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Maintenance of the Midtropospheric North African Summer Circulation: Saharan High and African Easterly Jet

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  • 1 Atmospheric Science Program, Department of Geological and Atmospheric Sciences, Iowa State University, Ames, Iowa
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Abstract

The conspicuous feature of the midtropospheric North African summer circulation is the Saharan high surrounded on its southern rim by the African easterly jet (AEJ). Like a major monsoon circulation, the Saharan high is juxtaposed with the North African divergent center to the east and the eastern Atlantic convergent center to the west. Different from a major monsoon circulation, these pronounced midtropospheric circulation components are overlaid by the western part of the Tibetan high. Because of the unique roles played by the Saharan high and the African easterly jet in the North African summer circulation, an effort is made to explore maintenance mechanisms of these two midtropospheric circulation elements. Major findings of this effort are summarized as follows:

  1. In terms of the velocity potential maintenance equation, it is shown that the North African divergent center over the Chad–Sudan region is maintained by the vertical differential heating established by the Saharan thermal-low heating in the lower troposphere and the Saharan radiative cooling in the upper troposphere.
  2. The Saharan high is spatially in quadrature with the North African divergent center. It is inferred from the streamfunction budget analysis that the Saharan high is maintained by the east–west circulation, which is formed by the east–west differential heating between the Saharan thermal-low heating and the eastern North Atlantic cooling. This inference is further substantiated by forced barotropic model simulations.
  3. The AEJ around the tropical periphery of the Saharan high is almost perpendicular to the equatorward divergent northerlies spilling out of the North African divergent center. The energetic interaction between divergent and rotational flows reveals that this jet is maintained by the Coriolis acceleration associated with these divergent winds.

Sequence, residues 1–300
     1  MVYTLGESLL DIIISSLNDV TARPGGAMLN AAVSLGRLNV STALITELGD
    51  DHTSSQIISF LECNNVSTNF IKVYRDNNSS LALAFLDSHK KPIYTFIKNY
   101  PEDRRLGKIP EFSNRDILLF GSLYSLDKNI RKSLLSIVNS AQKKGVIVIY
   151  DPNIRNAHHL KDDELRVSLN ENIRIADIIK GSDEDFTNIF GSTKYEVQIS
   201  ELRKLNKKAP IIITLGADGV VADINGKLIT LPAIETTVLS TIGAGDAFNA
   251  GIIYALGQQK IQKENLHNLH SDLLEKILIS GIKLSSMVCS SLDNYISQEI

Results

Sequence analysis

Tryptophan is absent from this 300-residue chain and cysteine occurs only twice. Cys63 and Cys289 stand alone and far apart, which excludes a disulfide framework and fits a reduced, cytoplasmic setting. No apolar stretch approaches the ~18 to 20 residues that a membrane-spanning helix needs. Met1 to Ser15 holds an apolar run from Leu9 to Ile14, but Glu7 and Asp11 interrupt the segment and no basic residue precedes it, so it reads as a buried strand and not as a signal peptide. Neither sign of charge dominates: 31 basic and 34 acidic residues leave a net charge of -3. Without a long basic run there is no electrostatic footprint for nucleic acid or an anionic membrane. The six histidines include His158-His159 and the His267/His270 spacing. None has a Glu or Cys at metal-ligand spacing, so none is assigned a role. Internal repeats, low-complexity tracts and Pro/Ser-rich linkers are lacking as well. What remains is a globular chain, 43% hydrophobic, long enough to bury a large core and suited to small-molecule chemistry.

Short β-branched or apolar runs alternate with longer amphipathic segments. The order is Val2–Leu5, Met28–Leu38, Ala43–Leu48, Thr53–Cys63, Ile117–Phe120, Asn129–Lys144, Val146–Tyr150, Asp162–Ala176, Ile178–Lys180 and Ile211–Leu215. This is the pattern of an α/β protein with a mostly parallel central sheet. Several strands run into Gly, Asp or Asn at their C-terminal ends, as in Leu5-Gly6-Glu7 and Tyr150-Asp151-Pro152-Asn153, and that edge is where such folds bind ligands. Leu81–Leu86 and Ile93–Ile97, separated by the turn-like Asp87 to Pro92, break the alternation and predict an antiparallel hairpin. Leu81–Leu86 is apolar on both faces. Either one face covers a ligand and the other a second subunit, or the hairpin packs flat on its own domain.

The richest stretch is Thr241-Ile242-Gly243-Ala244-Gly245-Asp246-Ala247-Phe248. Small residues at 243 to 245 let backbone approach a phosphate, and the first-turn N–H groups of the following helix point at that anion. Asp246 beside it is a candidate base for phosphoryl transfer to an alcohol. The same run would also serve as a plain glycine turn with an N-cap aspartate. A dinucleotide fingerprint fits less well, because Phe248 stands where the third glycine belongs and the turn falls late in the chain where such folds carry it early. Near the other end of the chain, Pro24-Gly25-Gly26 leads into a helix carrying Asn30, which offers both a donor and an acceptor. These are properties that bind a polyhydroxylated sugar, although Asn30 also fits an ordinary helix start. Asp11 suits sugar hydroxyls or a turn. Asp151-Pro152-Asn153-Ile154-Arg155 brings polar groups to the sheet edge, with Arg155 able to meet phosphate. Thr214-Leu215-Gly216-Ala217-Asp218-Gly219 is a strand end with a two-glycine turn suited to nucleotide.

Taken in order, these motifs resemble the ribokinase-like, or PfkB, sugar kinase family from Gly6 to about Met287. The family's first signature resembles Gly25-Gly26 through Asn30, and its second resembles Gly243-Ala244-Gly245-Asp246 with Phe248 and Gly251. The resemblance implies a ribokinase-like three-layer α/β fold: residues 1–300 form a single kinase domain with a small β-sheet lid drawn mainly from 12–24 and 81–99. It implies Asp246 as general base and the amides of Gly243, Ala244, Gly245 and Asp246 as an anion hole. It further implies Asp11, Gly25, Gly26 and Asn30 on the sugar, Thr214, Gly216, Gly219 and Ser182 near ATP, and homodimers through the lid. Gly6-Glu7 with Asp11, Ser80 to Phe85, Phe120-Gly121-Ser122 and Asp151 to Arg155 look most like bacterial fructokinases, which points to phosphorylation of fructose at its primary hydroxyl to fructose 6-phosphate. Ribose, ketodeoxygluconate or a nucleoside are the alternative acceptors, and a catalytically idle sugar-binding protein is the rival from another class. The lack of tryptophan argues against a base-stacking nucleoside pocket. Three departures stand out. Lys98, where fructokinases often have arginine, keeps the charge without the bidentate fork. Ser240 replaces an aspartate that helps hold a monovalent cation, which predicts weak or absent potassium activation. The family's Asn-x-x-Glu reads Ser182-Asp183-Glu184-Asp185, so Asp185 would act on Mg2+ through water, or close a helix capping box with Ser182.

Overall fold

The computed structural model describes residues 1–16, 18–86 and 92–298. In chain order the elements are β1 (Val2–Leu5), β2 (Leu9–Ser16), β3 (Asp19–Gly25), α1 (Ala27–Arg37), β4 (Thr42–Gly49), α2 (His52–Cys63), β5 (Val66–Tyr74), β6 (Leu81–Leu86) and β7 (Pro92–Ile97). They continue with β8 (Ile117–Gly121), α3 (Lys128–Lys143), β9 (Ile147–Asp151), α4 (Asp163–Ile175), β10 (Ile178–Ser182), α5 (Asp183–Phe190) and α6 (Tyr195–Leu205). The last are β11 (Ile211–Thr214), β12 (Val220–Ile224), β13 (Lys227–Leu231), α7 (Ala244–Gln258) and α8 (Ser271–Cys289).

These findings not only reveal the maintenance mechanism of the Saharan high and the associated AEJ, but also facilitate the search for answers to some problems of the North African summer weather/climate system.

Corresponding author address: Dr. Tsing-Chang (Mike) Chen, Atmospheric Science Program, Department of Geological and Atmospheric Sciences, 3010 Agronomy Hall, Iowa State University, Ames, IA 50011. Email: tmchen@iastate.edu

Abstract

The conspicuous feature of the midtropospheric North African summer circulation is the Saharan high surrounded on its southern rim by the African easterly jet (AEJ). Like a major monsoon circulation, the Saharan high is juxtaposed with the North African divergent center to the east and the eastern Atlantic convergent center to the west. Different from a major monsoon circulation, these pronounced midtropospheric circulation components are overlaid by the western part of the Tibetan high. Because of the unique roles played by the Saharan high and the African easterly jet in the North African summer circulation, an effort is made to explore maintenance mechanisms of these two midtropospheric circulation elements. Major findings of this effort are summarized as follows:

  1. In terms of the velocity potential maintenance equation, it is shown that the North African divergent center over the Chad–Sudan region is maintained by the vertical differential heating established by the Saharan thermal-low heating in the lower troposphere and the Saharan radiative cooling in the upper troposphere.
  2. The Saharan high is spatially in quadrature with the North African divergent center. It is inferred from the streamfunction budget analysis that the Saharan high is maintained by the east–west circulation, which is formed by the east–west differential heating between the Saharan thermal-low heating and the eastern North Atlantic cooling. This inference is further substantiated by forced barotropic model simulations.
  3. The AEJ around the tropical periphery of the Saharan high is almost perpendicular to the equatorward divergent northerlies spilling out of the North African divergent center. The energetic interaction between divergent and rotational flows reveals that this jet is maintained by the Coriolis acceleration associated with these divergent winds.

These findings not only reveal the maintenance mechanism of the Saharan high and the associated AEJ, but also facilitate the search for answers to some problems of the North African summer weather/climate system.

Corresponding author address: Dr. Tsing-Chang (Mike) Chen, Atmospheric Science Program, Department of Geological and Atmospheric Sciences, 3010 Agronomy Hall, Iowa State University, Ames, IA 50011. Email: tmchen@iastate.edu

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